Once again at the back of the car we find another small difference, the registration plate recess on the car differs around the world and I suspect the depth of the bumper does in the same way as the front. Once again the USDM and Euro cars seem to match with a wider plate aperture and I believe slightly deeper bumper section. The JDM bumper has a narrower plate recess which seems slightly odd as the US registration plate in states that require it is closer to the JDM size than the Euro plate size. I guess though the US market gets the Euro bumper with it’s deeper impact section to save Nissan having to mould a 3rd profile! This again affects the fit of aero parts as Nissan’s oem kit wraps from the rear wheel arch round to the plate recess. A case of too long or to short depending on the market cross over you get and whilst they could be adjusted to fit no doubt with the cost of these parts it would be better to avoid it!

The biggest variation for the exterior of the cubes is that in Europe we only got the standard bodywork versions of the cube however in the US there was the option to get the Krom and in Japan they have the Rider. These both have a fair amount of difference to the standard trim in front and rear bumper styling and if you want to get this look you’ll need to get the whole bumpers as well as grille trims and other parts to make it all fit. If you want to go down that route (and empty your bank account!) check the US ebay or import monster for the parts and be prepared for the shipping and import costs on top of the price your paying.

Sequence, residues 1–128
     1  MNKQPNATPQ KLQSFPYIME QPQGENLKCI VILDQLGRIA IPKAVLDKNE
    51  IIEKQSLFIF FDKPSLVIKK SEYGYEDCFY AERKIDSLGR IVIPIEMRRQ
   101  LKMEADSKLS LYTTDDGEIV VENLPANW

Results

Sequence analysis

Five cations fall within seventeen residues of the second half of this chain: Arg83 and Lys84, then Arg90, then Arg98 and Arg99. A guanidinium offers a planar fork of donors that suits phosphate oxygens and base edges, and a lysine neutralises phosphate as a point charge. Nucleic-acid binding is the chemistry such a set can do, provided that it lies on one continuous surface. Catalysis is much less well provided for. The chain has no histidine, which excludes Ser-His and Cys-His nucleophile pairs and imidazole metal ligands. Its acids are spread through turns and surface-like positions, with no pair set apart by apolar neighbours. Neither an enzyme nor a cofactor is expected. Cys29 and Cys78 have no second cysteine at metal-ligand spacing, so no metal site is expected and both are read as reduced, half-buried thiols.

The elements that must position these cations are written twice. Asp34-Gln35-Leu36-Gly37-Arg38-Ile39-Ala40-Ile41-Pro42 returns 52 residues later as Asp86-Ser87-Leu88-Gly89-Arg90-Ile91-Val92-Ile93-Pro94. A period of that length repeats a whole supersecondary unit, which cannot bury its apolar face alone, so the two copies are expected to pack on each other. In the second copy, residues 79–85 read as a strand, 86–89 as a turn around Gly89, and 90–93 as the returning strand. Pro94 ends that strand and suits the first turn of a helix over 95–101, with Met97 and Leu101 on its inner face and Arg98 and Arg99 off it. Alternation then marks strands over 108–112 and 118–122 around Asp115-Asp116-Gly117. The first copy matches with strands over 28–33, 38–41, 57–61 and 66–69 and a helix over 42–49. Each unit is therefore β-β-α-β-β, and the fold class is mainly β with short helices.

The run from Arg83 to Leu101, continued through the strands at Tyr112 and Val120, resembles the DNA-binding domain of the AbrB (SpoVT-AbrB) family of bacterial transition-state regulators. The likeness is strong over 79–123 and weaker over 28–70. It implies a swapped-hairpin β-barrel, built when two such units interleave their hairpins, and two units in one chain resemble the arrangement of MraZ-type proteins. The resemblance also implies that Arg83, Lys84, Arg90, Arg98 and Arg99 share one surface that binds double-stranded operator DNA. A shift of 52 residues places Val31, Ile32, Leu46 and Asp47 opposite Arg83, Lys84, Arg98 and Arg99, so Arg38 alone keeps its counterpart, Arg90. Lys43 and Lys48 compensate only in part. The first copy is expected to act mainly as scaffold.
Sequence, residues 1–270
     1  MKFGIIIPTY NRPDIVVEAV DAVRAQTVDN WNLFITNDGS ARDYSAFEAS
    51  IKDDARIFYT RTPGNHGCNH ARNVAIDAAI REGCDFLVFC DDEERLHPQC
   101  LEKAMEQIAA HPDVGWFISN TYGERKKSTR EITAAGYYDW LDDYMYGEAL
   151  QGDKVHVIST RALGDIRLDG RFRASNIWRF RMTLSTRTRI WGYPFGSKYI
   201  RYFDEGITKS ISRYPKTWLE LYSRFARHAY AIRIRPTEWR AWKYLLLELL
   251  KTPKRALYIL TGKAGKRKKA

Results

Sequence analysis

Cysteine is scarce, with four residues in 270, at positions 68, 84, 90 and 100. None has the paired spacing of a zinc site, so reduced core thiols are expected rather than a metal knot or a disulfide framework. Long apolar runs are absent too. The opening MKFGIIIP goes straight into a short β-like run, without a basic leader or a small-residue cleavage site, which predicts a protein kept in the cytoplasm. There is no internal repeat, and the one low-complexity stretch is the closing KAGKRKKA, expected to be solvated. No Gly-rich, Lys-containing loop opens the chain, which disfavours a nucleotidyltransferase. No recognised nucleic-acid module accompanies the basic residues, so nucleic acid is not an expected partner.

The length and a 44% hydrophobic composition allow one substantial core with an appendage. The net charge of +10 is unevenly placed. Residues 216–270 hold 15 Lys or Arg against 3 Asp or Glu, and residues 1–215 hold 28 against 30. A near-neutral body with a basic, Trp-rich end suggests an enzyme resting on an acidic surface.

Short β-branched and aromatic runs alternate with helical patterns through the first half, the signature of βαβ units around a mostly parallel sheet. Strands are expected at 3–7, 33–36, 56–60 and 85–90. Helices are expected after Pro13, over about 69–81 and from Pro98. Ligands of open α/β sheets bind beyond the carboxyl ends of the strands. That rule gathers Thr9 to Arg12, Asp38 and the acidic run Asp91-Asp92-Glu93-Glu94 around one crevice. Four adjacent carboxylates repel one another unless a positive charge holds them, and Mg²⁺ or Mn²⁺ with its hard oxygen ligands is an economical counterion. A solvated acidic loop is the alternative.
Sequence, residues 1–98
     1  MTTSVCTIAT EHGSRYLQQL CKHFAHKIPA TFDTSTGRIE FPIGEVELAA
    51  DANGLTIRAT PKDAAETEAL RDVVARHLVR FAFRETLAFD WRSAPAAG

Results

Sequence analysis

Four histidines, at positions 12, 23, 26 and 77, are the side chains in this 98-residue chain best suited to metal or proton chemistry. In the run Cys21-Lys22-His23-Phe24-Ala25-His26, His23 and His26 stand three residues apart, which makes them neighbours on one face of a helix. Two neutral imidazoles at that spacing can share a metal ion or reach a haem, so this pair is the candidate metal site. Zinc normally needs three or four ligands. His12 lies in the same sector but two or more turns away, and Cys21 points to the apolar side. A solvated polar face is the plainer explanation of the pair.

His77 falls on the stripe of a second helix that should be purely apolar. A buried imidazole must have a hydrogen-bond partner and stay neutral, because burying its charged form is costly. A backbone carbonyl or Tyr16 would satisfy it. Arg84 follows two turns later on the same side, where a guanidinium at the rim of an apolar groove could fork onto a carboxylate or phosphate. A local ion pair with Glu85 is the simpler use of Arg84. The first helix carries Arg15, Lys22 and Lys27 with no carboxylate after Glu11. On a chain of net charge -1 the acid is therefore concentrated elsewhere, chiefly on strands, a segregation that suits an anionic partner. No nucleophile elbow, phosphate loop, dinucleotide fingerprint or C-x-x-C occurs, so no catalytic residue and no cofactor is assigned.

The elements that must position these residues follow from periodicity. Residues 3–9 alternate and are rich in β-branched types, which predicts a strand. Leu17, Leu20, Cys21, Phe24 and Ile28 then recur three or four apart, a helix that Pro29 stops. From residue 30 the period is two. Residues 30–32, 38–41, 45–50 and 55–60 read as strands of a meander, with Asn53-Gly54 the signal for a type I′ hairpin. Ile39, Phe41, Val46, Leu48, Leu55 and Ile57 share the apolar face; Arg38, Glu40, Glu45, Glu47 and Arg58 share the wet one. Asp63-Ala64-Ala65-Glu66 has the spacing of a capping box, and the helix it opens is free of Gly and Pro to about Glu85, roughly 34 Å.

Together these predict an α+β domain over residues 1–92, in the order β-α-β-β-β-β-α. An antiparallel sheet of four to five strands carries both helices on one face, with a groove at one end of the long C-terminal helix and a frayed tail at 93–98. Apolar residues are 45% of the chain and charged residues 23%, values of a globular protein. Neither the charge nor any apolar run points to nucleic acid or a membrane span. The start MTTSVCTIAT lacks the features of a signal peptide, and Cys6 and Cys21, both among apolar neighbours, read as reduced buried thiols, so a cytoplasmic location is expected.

Inside the car there are a few obvious differences the first being where you sit. Japanese cars aside from those that have a sports heritage seem to almost all be automatic and on top of that in the box cars they like to have that auto shifter on the tree. This means the front seat in the JDM cubes are a bench althought they have a cupholder in the centre of the seat (seems they had a serious number of cupholders in the parts bin as the cube could never be said to be short of holders!). Very cool when you see the shots of the JDM interior but not exchangable to any of the other markets as it’s only JDM cubes that have column mounted shifters. This causes issues if you look to buy seat covers though as if they come from Japan they will have the seat base cover being far to big on one side and needing adjusting or tucking to suit. Again worth avoiding if your spending hundreds of pounds or Euro’s on Clazzio covers.The arm rest is the other thing as on a bench seat it is far wider than the JDM and euro markets.

USDM and Euro cars share the same seat configuration, split bucket seats. This is because even though almost all USDM cubes are also Automatic they have the shifter on the floor. In the UK we hold to a manual gearbox as if it’s part of what makes us British and forms part of our excentric identity. Trouble is this doesn’t resolve the whole seat cover issue! in Europe you are ok as driving on the wrong side of the road (yes I went there but as the Japanese also drive on the right side of the road which is the left I hold us to be correct!) the drivers seat is on the same side of the car as the US and so the clazzio produced for that market fit. In the UK we slip through the gap between the seats like that last mint imperial. This all comes down to where the drivers seat arm rest is located. In the US the different specification levels and ages of the cars means that the cube can have none, 1 or 2 arm rests where as in the UK all spec levels have a single arm rest on the drivers seat. So far I don’t know that anyone has managed to discuss the differences with an American Clazzio suppler and get the right mismatch of front seat covers shipped but we hold hope that some day it will happen.